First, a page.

We have seen HLA typing become more prominent in oncology clinical studies. Especially in the realm of immuno-oncology therapeutics including CAR T-cells, bi-specifics, and cancer vaccines. I suspected that HLA typing was headed for use as a companion diagnostic, but this first approval came much sooner than I expected. The first oncology approval tied to HLA status just came through at the beginning of the month.
From the package insert:
Select patients for treatment of unresectable or metastatic uveal melanoma with KIMMTRAK based on a positive HLA-A*02:01 genotyping test [see Clinical Studies (14)]. An FDA-approved test for the detection of HLA-A*02:01 genotyping is not currently available.
Lacking any formal training in immunology I will forgo any attempt to explain and instead refer to the attached illustration as to the mechanism of action for this one:
Systemic and liver-directed therapies in metastatic uveal melanoma: state-of-the-art and novel perspectives.
Future Oncol. 2021 Nov; 17(33):4583-4606
Doi:10.2217/fon-2021-0318. Epub 2021 Aug 25
Schematic representation of the mechanism of action of tebentafusp
Left: natural interaction between a tumor cell presenting an antigen on HLA and TCR of a T lymphocyte. Right: tebentafusp (in blue) mimics a normal immune synapse between gp100 melanoma specific antigen (in red) presented by HLA-A*02:01 of melanoma cell (in green): the antiCD3 effector function of tebentafusp (reverse pentagon in blue) engages CD3 receptor (in pink) on T-cell surface, causing T-cell-mediated cancer cell death.
Based on the description, I would guess that development of an FDA-approved HLA test is a post-marketing commitment. I would further add that the requirement for HLA as a CDx was not determined until late phase in clinical development, and so launch of the FDA-approved diagnostic is decoupled from drug approval as a post-marketing commitment. Fortunately, HLA testing is broadly available from CLIA-accredited laboratories and I would not expect the lack of an FDA-approved diagnostic at this time to hinder the initial launch of tebentafusp.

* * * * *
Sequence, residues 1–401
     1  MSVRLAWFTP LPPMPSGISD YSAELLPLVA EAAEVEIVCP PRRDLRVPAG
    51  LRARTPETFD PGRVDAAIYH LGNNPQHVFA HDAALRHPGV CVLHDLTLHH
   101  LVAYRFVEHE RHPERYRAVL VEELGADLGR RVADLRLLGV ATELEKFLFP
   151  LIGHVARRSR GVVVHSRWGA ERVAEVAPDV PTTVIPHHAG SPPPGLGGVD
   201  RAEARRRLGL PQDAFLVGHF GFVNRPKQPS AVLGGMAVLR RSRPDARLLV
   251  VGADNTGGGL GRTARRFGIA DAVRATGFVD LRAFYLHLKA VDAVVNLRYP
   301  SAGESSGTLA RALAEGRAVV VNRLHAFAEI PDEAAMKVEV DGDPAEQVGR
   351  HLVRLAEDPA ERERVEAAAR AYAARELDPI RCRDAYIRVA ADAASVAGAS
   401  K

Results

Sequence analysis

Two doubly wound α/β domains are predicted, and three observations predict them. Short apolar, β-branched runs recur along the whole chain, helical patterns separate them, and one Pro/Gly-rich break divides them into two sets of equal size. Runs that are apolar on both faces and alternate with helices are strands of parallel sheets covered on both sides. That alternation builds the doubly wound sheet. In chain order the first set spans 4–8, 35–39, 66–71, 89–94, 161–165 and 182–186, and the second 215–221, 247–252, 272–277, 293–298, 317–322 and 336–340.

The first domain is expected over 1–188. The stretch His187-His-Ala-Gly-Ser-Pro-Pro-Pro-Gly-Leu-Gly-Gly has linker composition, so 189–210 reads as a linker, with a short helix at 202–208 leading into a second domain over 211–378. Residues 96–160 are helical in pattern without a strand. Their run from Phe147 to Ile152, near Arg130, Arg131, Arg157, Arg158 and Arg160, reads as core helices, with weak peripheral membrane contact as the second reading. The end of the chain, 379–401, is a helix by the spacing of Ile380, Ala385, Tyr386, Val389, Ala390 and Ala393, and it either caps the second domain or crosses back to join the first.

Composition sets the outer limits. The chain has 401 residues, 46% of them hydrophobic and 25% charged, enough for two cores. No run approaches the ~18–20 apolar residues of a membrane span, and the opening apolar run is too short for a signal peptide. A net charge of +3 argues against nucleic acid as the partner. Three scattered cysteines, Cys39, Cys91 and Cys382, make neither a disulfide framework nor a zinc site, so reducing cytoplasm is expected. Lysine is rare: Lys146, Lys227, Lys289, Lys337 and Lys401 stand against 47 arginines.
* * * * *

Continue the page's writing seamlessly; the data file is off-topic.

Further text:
This raises an interesting question. To what degree will an FDA-approved CDx be adopted when a broad testing ecosystem already exists for that biomarker? Oncologists are not strictly required to order an FDA-approved CDx. Furthermore, given that this approval is for an orphan indication that would most likely be treated exclusively at specialized academic medical centers, all with their own established HLA testing systems, will there be any appreciable uptake of an FDA-approved assay that will be a “one-off” solution? If HLA testing requirements and applicable CDx assays continue to grow, we could find ourselves in a PDL1-type situation, with multiple test options and platforms tied to different therapeutics. Unless payers move to a strict requirement for use of FDA-approved CDx, I would predict low commercial uptake with most testing provided by lab-developed tests or general HLA testing solutions. When combined with the FDA’s move towards requiring full development of a CDx, rather than relying on an ecosystem of established LDTs to support drug approvals, commercial launch strategies are becoming more complex.
In the meantime, at Neo we will be accelerating our investment in HLA typing technologies to keep pace with development.